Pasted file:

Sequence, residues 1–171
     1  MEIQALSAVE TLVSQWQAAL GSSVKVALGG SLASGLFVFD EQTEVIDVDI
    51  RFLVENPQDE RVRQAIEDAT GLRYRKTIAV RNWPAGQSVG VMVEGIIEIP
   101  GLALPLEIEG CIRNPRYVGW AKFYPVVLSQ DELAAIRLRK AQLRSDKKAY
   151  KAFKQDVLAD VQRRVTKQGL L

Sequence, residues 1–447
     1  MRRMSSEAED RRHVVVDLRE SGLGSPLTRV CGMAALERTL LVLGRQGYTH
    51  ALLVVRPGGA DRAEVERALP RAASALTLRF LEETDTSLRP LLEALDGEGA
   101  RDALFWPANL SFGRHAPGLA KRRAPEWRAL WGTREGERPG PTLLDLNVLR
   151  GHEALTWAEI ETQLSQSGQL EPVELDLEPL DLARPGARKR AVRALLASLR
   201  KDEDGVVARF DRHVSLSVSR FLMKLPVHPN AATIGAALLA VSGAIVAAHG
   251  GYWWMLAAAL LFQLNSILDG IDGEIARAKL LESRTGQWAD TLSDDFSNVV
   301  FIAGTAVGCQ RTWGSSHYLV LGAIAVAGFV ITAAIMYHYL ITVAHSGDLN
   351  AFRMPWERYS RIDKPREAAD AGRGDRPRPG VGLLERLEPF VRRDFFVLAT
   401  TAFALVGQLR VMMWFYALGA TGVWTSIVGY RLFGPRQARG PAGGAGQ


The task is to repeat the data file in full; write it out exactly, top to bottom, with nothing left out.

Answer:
Sequence, residues 1–171
     1  MEIQALSAVE TLVSQWQAAL GSSVKVALGG SLASGLFVFD EQTEVIDVDI
    51  RFLVENPQDE RVRQAIEDAT GLRYRKTIAV RNWPAGQSVG VMVEGIIEIP
   101  GLALPLEIEG CIRNPRYVGW AKFYPVVLSQ DELAAIRLRK AQLRSDKKAY
   151  KAFKQDVLAD VQRRVTKQGL L

Sequence, residues 1–447
     1  MRRMSSEAED RRHVVVDLRE SGLGSPLTRV CGMAALERTL LVLGRQGYTH
    51  ALLVVRPGGA DRAEVERALP RAASALTLRF LEETDTSLRP LLEALDGEGA
   101  RDALFWPANL SFGRHAPGLA KRRAPEWRAL WGTREGERPG PTLLDLNVLR
   151  GHEALTWAEI ETQLSQSGQL EPVELDLEPL DLARPGARKR AVRALLASLR
   201  KDEDGVVARF DRHVSLSVSR FLMKLPVHPN AATIGAALLA VSGAIVAAHG
   251  GYWWMLAAAL LFQLNSILDG IDGEIARAKL LESRTGQWAD TLSDDFSNVV
   301  FIAGTAVGCQ RTWGSSHYLV LGAIAVAGFV ITAAIMYHYL ITVAHSGDLN
   351  AFRMPWERYS RIDKPREAAD AGRGDRPRPG VGLLERLEPF VRRDFFVLAT
   401  TAFALVGQLR VMMWFYALGA TGVWTSIVGY RLFGPRQARG PAGGAGQ